Jingle Jangle: A Christmas Journey

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A grandfather inventor talks to his granddaughter.

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Emily Clark

Movie Review

Years ago, Jeronicus Jangle was considered the greatest inventor in the world. His shop, Jangles and Things, was a world of wishes and wonder, where you purchase all sorts of gadgets and gizmos.

But it was all taken from him.

Just when he thought all of his dreams would come true, one of his inventions (a sentient toy called Don Juan Diego) turned on him. Don Juan didn’t want to be mass-produced, which would have made the Jangle family rich. He liked being one of a kind. So, Don manipulated Gustafson, Jeronicus’ apprentice (who was already disheartened by his master’s apparent lack of interest in his projects), to “indefinitely borrow” Jangle’s book of inventions for himself.

Gustafson became rich and powerful, winning awards for the toys Jeronicus had invented. Meanwhile, Jeronicus—unable to convince the constables of what Gustafson had done—lost everything, including his family.

He converted Jangles and Things into a pawnshop and bitterly vowed to never invent again.

But now, years later, Jeronicus finds himself in a pickle when his bank comes to collect on the loan it gave him back when he was still inventing. He has until Christmas to either pay the bank back or create something spectacular, something sensational, something revolutionary to save his shop.

Jeronicus is all but ready to throw the towel in, when who should show up but his granddaughter, Journey.

Much like her grandfather before her, Journey sees the world differently from everyone else. While other children her age like to run and play, she prefers measuring things and inventing. And she’s determined to make Jeronicus believe in himself again.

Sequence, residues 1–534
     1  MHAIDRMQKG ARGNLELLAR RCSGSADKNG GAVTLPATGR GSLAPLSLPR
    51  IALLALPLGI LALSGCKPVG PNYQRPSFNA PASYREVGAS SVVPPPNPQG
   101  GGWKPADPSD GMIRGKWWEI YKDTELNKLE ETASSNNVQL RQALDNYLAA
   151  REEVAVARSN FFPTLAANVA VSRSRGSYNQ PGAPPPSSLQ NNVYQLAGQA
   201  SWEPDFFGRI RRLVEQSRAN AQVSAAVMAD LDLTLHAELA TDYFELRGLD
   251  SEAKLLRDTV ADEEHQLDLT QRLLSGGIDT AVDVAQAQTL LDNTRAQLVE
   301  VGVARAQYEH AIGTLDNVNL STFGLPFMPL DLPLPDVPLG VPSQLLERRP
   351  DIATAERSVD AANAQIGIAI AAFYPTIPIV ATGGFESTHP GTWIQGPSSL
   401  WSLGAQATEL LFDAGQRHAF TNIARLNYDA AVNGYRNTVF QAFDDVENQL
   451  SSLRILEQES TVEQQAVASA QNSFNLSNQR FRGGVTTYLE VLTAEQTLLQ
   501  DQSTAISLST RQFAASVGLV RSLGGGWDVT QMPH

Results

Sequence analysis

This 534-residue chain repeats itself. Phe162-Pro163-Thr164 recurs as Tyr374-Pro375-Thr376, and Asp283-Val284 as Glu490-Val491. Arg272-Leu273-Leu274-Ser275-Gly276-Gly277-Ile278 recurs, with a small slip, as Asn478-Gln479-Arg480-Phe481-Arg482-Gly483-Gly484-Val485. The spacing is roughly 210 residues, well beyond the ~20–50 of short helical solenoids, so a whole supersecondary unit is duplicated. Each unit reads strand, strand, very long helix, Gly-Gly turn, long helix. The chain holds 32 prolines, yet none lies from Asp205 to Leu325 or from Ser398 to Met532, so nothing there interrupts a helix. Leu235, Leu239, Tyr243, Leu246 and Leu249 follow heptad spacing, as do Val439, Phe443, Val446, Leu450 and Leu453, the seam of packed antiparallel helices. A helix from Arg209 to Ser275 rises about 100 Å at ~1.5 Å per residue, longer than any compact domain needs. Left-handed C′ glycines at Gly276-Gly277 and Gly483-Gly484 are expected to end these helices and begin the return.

Positive Elements

Journey knows that she is a bit odd. She says it’s tough being different. However, Jessica’s support of her daughter’s unusual hobbies gives Journey confidence. And Journey encourages others by telling them there’s nothing they can’t accomplish if they just believe.

Jeronicus is inspired by Journey’s can-do spirit, but he is also influenced by Ms. Johnston, the widowed mail carrier who has a crush on him. Despite her (sometimes irritating) attempts at flirting, Ms. Johnston actually offers some sage advice, telling Jeronicus that just because he’s down now doesn’t mean he can’t get back up again.

Journey’s positive attitude also helps Edison, a young boy who fancies himself as Jeronicus’ new apprentice, to overcome his many fears (but especially his fear of failure). Jeronicus yells at Journey in anger when he thinks she is lying to him, but he later apologizes.

[Spoiler Warning] Jeronicus has a very supportive wife through all his failures and triumphs. However, when she falls ill and passes away so soon after Gustafson’s betrayal, Jeronicus is overcome with grief. His daughter, Jessica (who wanted to be an inventor like her father), feels as though she lost two parents instead of one. And after years of Jeronicus insisting that she would be better off on her own, Jessica finally grants his wish and leaves to live her own life. Years later, Jeronicus finally apologizes for pushing her away. She forgives him, and he promises to be there for her and Journey the way he always should have been.

Spiritual Elements

Jeronicus’ inventions are described as magical (and one person says that all his toys were alive, even the ones that shouldn’t be). We see a bit of that magic play out onscreen when Jeronicus and other members of his family draw mathematical equations in the air and sparkly dust appears from their fingers—though this isn’t visible to anyone else.

This magic also comes into play with the Buddy 3000 toy. Buddy—though created by science, math and technology—only works when people believe he will. Additionally, when people believe in themselves, he can make them fly.